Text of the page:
UPDATE: Park Road 4 fire 90 percent contained; another blaze at CR 228-US 183

FROM STAFF REPORTS

A wildfire that began in the late afternoon on Sunday, June 29, on private property near Inks Lake State Park forced the evacuation of about 250 park visitors. This photo was taken at 5:22 p.m. from the Inks Lake walking bridge looking southeast toward the fire. Staff photo by Jared Fields

A wildfire that began in the late afternoon on Sunday, June 29, on private property near Inks Lake State Park forced the evacuation of about 250 park visitors. This photo was taken at 5:22 p.m. from the Inks Lake walking bridge looking southeast toward the fire. Staff photo by Jared Fields

HOOVER’S VALLEY — Fire officials reported that the Park Road 4 wildfire was 90 percent contained as of approximately 11:35 a.m. Friday, Aug. 3, though people might see smoke emanating from the burned area.

Crews are continuing to work the area.

The fire, which, according to the Texas A&M Forest Service, encompassed about 557 acres, was reported to have started on private property between CR 116 and Park Road 4 on July 29. Crews from several agencies with more than 100 personnel responded to the fire, which forced the evacuation of several residents and Inks Lake State Park. About 250 people from the state park were evacuated for safety reasons, officials said.

Residents were later allowed to return to their homes, and Inks Lake officials opened the park Aug. 1.

The fire didn’t harm any park facilities, but some part of the southern trails, including Fisherman’s Upper and Lower Trails, Woodland Trail, Connecting Trail, Pecan Flatts Trail, the primitive camping area, and the youth group area remain closed until further notice.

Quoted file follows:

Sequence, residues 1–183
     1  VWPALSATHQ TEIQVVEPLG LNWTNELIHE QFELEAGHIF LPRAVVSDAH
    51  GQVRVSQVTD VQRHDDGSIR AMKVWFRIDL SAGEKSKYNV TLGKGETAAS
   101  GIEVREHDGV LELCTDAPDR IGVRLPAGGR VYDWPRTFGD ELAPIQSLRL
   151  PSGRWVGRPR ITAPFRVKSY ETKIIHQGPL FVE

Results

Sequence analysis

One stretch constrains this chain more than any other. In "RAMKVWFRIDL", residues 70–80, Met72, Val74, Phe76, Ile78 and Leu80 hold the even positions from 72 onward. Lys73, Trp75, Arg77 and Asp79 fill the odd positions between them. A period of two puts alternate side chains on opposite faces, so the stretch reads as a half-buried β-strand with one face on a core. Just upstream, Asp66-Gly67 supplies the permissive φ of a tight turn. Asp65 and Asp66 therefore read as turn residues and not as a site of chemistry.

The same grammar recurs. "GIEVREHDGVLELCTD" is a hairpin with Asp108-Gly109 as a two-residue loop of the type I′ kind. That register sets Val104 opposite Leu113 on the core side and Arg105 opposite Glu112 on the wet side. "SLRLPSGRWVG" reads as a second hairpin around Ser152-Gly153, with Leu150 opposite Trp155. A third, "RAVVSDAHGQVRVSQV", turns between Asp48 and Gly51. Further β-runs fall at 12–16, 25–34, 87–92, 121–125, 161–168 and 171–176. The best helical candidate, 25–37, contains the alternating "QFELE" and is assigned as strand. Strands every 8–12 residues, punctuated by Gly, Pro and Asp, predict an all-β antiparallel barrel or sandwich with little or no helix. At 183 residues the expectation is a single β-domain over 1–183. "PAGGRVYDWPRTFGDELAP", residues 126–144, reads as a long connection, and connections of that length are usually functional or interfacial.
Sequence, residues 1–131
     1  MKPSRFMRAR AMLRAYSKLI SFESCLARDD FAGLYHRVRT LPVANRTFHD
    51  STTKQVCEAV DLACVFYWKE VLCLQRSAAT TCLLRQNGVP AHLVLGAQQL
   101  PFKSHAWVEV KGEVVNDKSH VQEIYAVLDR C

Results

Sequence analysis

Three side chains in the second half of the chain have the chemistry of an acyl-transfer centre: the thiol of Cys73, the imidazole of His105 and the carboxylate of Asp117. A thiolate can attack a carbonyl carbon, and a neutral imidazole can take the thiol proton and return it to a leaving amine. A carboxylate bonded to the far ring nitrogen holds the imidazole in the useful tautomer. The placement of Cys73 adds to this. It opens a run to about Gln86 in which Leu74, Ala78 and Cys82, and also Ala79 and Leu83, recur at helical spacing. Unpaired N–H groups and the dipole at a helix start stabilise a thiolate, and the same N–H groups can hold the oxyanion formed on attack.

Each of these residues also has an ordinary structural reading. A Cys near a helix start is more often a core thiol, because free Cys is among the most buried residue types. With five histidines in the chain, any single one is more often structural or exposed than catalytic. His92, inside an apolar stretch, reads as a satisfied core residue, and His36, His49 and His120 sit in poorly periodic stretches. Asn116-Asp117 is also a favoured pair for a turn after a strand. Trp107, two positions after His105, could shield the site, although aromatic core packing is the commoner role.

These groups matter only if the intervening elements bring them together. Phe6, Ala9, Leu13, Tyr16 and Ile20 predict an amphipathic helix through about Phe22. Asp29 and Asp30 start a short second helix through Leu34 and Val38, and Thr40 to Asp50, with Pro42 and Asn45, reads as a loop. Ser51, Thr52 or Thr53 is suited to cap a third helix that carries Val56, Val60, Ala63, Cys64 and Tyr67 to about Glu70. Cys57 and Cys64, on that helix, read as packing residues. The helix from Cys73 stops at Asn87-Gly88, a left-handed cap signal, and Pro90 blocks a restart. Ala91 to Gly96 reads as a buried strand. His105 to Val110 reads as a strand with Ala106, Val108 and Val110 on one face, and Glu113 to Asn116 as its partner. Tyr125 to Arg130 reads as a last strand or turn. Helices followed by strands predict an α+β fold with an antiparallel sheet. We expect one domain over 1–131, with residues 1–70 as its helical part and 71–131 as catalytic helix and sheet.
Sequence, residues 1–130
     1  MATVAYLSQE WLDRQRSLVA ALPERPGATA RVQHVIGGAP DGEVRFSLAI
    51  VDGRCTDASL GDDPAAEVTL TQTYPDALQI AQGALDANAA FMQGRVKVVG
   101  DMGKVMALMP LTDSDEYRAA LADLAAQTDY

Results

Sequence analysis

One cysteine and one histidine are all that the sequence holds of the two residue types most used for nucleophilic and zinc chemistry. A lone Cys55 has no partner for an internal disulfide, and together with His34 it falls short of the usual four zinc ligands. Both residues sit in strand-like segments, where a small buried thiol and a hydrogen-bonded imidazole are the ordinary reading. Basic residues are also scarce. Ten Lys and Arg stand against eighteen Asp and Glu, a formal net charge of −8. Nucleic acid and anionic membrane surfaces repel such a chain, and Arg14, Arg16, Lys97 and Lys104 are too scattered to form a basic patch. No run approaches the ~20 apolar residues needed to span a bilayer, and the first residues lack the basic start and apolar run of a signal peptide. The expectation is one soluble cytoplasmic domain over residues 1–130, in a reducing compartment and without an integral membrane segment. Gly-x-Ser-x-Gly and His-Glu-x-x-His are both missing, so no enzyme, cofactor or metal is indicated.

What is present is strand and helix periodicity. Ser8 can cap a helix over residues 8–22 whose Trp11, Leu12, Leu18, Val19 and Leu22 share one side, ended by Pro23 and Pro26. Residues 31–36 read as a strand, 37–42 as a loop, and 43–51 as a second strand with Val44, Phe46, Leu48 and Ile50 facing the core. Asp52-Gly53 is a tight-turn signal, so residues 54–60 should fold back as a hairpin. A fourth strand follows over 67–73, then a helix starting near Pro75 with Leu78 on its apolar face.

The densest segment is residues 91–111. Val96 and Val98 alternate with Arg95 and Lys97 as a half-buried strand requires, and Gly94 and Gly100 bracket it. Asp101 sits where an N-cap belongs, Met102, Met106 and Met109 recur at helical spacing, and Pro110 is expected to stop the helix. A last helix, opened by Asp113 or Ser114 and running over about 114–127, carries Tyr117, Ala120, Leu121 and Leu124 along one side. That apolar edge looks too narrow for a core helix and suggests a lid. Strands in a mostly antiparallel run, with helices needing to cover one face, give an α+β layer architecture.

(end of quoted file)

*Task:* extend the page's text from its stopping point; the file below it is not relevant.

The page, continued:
Local fire officials have pointed out that some people might see smoke in the affected area and not be sure if they should report it or not. The Cassie Volunteer Fire Department and Burnet County Sheriff’s Office pointed out that smoke in a burned area is common as “logs and stumps will burn for days.”

Also, fire personnel working in the area sometimes cause things to smoke, and even some unburned trees will ignite and burn themselves out. If you see smoke or fire in the burned area, you can call the BCSO’s non-emergency line at (512) 756-8080 and staff will pass on the information to fire crews.

However, if you see fire or flames in or near an unburned area, call 9-1-1 and report it immediately.

“Fire crews will continue to work the fire inside the black/burned area,” officials said.

As crews were continuing to work the Park Road 4 fire, the Northend Burnet County Task Force along with Lampasas County fire units and the BCSO responded to a grass fire in the area of CR 228 and U.S. 183 at about 5:30 p.m. Aug. 2.

Lampasas County officials evacuated some residents, but they were able to return to their homes a few hours later.

Crews were able to quickly control the fire, which was reported 100 percent contained by 7:30 p.m. that day.

Emergency officials are urging everyone to be careful when doing anything outside work that could cause a spark and ignite a fire. Burnet and Llano counties remain under a burn ban.

editor@thepicayune.com

One Response to “UPDATE: Park Road 4 fire 90 percent contained; another blaze at CR 228-US 183”

  1. Les Fenter says:

    It would be informative to learn the causes of these fires. Perhaps some fines would help finance the Emergency crews. And news of fines may cause folks to think before tossing a cigarette, leaving an unattended fire or hot coals. They can even be started by someone driving over tall dry grass — catalytic converters and mufflers get very hot on some vehicles.

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